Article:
It's not often a business is commended for culling animals. Yet Lidl's decision this week to kill off a range of furry friends – including a penguin, a lion and a (not so furry) alligator – has received overwhelmingly positive press coverage. So much so that Asda has followed suit with a cull of its own.
Before you get alarmed, these aren't real animals – rather, we're talking about the cartoons on packs of sugary children's cereals. And while it may be sad for the cutesy tigers and penguins that have adorned the cereal aisles for years, the move comes with the best of intentions.
Lidl said removing cartoon characters from its cereal packs by spring would “help parents tackle pester power in the supermarket aisles". According a study commissioned by the retailer, over half of parents believe cereal cartoons incite pestering from their children.
Asda had a similarly altruistic reason for axing cartoons in favour of plainer packs, which will hit shelves in February. "We understand retailers play a crucial role in helping customers make more informed choices in the supermarket aisles," says Beth Fowler, nutritionist at Asda.
It's undoubtedly a move in the right direction. Severe childhood obesity is at an all time-high in the UK, according to NHS figures published in October. So any moves to reduce consumption of high fat, salt and sugar foods, such as sugary cereals, must be applauded.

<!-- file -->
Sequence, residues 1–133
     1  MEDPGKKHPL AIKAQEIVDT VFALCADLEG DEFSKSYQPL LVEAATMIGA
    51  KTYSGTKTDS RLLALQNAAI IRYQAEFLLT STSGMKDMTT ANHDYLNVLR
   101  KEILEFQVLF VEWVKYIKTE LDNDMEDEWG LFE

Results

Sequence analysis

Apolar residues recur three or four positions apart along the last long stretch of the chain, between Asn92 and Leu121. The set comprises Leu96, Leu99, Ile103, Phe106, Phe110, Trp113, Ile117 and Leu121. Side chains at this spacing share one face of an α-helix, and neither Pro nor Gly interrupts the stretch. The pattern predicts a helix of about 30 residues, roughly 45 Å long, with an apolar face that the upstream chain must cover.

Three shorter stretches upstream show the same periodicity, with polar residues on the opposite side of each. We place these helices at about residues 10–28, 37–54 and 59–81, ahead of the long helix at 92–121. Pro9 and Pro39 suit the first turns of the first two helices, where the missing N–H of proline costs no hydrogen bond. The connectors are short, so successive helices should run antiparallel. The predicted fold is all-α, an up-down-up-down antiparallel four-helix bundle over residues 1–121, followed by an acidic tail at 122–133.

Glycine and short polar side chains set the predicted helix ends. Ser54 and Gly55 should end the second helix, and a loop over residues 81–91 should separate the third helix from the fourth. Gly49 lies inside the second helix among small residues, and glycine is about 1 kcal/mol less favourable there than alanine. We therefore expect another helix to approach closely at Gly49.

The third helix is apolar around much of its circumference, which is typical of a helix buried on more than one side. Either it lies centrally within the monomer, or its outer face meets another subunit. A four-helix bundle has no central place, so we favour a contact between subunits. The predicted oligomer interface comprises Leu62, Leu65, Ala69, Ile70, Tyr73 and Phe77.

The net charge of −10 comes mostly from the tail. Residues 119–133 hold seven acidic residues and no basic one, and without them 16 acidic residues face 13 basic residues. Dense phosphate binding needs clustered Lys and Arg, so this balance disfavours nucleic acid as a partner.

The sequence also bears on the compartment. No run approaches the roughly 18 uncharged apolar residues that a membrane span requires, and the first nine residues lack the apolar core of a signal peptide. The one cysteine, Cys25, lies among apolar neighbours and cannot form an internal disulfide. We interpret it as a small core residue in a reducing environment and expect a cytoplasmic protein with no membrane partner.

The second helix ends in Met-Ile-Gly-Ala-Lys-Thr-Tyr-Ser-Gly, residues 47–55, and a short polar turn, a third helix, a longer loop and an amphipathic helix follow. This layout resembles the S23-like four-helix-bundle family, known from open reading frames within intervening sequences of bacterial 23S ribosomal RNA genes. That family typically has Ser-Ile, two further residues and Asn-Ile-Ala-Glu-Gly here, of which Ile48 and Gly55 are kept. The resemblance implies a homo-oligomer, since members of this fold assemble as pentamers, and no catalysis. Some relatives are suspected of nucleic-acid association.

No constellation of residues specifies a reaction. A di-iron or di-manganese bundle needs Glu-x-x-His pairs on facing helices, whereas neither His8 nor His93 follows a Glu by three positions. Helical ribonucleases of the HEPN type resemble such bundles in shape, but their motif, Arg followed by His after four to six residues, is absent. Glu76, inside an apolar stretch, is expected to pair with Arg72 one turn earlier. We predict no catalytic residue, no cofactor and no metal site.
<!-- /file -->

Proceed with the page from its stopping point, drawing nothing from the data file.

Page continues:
At the same time, this stops short of tackling the real issue. Because whatever is on the front of packs, it's what's in them that does the real damage. Children's cereals are still packed full of sugar. Research by Action On Sugar last February found almost 50% of cereals on the market still contain too much sugar (that's classed as 6.3g or more of sugar per 30g serving).
Granted, there has been some progress. In September, Public Health England reported an an 8.5% reduction in sugar across the cereals category from 2015 to 2018. And there have been some notable moves to make products healthier. Asda says it has reduced the sugar content of its cereals by more than a quarter in the past five years, while Kellogg’s has been reducing sugar across its portfolio, axing Ricicles and reducing the sugar in Coco Pops by 30%.
But until sugar levels come down substantially across the board, real change will be difficult to achieve. The lack of mascots may stop children being attracted to these cereals in the first place, and reduce some of the pester power. Once kids have tasted their favourite sugary cereal, though, it's hard to imagine them turning away from it simply because the loveable mascot has vanished.
Until that day of widespread sugar reduction, there is one way these mascots could be put to use. After all, it's not just about deterring children from unhealthy cereals – it's also about nudging them towards healthier choices. And what child could resist the power of a Multigrain Moose or Bran Flake Baboon?